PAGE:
There was no evidence for ESP in the group as a whole, or among the controls or synesthetes; the overall effect size was d= .05, the effect size for the controls was d = -.014 and that for the synesthetes was d = -.00. The difference in scoring between the synesthetes and controls was not significant. The correlation between scoring on the SEQ and psi was not significant. A post-hoc test found that synesthetic associators did better at the psi task than those who were projectors (z = -2.00, p = .047). There was no difference between time-related and non-time related synesthetes on their psi scores. Synesthetes and controls did not differ in their overall recall ability, and recall had no relationship with psi scoring. Scoring on future time style correlated positively and significantly with scoring on the SEQ, rho = .35, p =.011. There were no differences between the synesthete and control groups in terms of scoring on any of the time styles. Past thinking correlated negatively and significantly with psi scoring, but this was not confirmed with a nonparametric correlation. There were significant correlations between a number of variables tapping MTT and scoring on the SEQ.

When synesthetes were compared with matched controls, this was only significantly different for smell related imagery, although the difference approached significance for the extent to which one felt as though they were re- or pre-experiencing life events. None of the variables relating to MTT correlated significantly with scoring on the psi task. Findings are discussed and suggestions for future studies are made.

University of West Georgia

Carrollton, GA, USA


Jerry Solfvin

Methodological debates and discussions are an important part of any field of science. In psychology, from which parapsychology has traditionally drawn much sustenance, debates and discussions about significance testing and interpretation of research results provide fertile fields to remind us that data need be carefully collected but also thoughtfully converted into meaning, and that meaning communicated effectively to others. The small and often controversial field of parapsychology has done a rather good job with the technical details of methodology and statistical soundness but may experience the most problems with the end-process, the articulation and communication of the meaning of its results more broadly.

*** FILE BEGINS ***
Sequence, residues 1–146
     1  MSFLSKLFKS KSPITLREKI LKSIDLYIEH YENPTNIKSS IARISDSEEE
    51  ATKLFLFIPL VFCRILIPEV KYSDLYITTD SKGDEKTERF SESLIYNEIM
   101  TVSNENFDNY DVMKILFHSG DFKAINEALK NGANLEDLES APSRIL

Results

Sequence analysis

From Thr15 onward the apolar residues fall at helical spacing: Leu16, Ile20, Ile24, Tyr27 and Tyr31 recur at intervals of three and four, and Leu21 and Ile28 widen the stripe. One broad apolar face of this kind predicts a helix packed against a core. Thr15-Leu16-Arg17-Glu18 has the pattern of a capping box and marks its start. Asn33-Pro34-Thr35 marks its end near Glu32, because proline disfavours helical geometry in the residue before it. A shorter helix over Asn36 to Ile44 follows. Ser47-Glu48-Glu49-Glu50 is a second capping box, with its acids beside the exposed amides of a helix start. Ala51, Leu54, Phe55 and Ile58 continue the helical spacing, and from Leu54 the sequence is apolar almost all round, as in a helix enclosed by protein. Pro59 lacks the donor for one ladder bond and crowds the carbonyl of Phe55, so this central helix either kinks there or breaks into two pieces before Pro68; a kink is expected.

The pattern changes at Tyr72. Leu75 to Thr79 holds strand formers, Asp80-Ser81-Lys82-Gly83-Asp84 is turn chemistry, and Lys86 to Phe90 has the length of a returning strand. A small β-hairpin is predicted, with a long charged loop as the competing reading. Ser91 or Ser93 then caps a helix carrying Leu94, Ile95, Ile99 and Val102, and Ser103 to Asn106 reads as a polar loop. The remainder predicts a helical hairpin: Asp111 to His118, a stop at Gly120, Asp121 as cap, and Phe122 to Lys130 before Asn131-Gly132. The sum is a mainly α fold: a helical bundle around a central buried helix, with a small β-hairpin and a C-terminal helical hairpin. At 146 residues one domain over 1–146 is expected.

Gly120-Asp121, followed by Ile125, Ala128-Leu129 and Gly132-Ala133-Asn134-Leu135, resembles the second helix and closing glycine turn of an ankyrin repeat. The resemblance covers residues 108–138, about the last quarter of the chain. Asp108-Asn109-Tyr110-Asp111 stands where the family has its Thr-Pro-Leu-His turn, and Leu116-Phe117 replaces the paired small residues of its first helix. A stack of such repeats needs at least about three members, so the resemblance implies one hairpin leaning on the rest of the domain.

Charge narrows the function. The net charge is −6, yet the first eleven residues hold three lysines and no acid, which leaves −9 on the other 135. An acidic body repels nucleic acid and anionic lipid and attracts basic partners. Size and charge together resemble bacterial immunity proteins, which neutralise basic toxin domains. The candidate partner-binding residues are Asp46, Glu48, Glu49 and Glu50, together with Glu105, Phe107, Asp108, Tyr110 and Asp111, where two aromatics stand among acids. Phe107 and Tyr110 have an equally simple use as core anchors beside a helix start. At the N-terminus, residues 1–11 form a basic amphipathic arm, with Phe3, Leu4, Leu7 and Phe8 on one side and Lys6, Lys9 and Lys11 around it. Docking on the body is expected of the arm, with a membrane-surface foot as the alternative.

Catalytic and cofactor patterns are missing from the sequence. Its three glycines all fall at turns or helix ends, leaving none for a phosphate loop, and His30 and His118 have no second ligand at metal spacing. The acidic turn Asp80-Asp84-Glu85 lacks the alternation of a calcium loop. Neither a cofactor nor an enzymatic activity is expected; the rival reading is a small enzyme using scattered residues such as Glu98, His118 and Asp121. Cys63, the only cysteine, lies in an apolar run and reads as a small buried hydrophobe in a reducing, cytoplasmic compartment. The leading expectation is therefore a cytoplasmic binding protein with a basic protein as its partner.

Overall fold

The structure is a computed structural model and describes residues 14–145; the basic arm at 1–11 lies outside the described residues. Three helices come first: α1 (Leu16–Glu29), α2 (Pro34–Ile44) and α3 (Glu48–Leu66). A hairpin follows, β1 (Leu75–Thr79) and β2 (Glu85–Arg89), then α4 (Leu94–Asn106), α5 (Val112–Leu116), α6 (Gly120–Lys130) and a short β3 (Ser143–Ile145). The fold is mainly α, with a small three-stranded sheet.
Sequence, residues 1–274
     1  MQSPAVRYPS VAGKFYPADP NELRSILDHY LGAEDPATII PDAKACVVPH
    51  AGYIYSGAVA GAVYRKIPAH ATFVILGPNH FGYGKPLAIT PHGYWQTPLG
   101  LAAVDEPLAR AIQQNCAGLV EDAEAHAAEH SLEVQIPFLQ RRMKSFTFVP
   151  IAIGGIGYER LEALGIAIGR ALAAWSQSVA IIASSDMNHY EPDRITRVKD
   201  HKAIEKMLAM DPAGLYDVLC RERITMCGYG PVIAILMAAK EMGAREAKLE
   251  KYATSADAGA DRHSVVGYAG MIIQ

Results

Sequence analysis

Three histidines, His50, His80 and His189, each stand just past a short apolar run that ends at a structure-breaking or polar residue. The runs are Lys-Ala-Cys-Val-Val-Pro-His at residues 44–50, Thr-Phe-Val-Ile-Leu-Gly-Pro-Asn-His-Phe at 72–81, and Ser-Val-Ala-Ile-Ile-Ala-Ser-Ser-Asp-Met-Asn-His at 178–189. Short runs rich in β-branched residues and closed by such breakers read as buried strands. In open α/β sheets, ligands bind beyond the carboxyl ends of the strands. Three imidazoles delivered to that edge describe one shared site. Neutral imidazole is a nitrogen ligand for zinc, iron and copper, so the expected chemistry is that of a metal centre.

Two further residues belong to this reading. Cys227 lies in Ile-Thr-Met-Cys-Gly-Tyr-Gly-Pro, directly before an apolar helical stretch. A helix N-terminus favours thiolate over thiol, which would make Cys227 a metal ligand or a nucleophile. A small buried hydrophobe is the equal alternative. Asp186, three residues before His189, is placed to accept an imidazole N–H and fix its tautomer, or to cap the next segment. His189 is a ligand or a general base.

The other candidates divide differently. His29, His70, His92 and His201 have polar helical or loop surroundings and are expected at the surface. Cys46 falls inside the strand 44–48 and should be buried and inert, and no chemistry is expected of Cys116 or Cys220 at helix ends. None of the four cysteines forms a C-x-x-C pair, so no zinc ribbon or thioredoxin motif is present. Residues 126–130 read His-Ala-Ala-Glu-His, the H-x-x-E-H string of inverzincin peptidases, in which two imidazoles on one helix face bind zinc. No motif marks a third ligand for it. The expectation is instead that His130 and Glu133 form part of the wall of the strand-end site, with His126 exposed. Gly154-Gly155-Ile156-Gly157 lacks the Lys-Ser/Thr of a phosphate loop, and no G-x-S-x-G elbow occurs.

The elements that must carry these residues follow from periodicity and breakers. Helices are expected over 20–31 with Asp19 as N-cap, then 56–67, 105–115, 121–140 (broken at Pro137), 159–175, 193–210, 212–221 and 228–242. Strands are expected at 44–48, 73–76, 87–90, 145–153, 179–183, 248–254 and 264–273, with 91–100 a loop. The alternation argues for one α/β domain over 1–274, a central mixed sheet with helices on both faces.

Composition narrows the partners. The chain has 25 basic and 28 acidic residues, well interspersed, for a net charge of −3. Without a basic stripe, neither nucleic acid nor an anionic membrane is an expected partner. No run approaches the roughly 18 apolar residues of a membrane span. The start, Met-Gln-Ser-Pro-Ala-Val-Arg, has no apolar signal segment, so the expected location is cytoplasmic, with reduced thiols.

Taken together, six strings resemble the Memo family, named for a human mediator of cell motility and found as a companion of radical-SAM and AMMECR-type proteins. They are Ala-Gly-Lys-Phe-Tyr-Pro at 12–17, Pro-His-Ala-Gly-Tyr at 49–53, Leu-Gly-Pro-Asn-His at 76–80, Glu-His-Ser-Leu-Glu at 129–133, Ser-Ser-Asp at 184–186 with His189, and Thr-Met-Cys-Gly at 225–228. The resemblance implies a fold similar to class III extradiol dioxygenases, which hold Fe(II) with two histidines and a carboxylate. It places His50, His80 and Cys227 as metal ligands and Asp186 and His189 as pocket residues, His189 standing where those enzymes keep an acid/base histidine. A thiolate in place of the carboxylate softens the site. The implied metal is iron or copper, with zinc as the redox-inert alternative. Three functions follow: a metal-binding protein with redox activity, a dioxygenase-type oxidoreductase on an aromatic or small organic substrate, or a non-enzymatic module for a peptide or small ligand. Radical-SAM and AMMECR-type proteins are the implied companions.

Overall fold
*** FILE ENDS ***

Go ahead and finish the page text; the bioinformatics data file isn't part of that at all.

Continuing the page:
This paper explores how the historical development of methodology by J. B. Rhine and others may be affecting today's progress. Science is one method for seeking answers to questions. But science is not primarily about knowing. Not-knowing and maintaining one's sense of mystery may be the key to great breakthroughs in science. The paradox is that finding an answer--or thinking you've found an answer--may turn the open-minded seeker into a not-so-open-minded marketer. As Andre Gide put it, "... Believe those who are seeking the truth. Doubt those who find it." The early development of Rhinean parapsychology may have followed such a path and handed down a sort of methodological "poison pill" to our field.

There are three issues I'd like to discuss with regard to this: (a) defining ESP negatively, that is, as something that occurs "without" or "in the absence of' a normal (physical, sense-based) explanation; (b) the lack of control groups in testing ESP; and, (c) the conceptual leap Rhine took from the "weak" interpretation of his ESP results to the "strong" interpretation. The first issue makes it difficult to provide good examples of what "it" is that we study and left parapsychology open to all the tricksters who produce faux ESP--consciously and unconsciously--for their own reasons.

The second issue, lack of control groups, meant using statistical controls, thus putting much too much weight upon statistics, and further encouraging researchers to equate ESP with any deviation from chance. Early researchers began discovering a wide variety of different ways that their results were statistically significant, and this was welcomed as new evidence of ESP.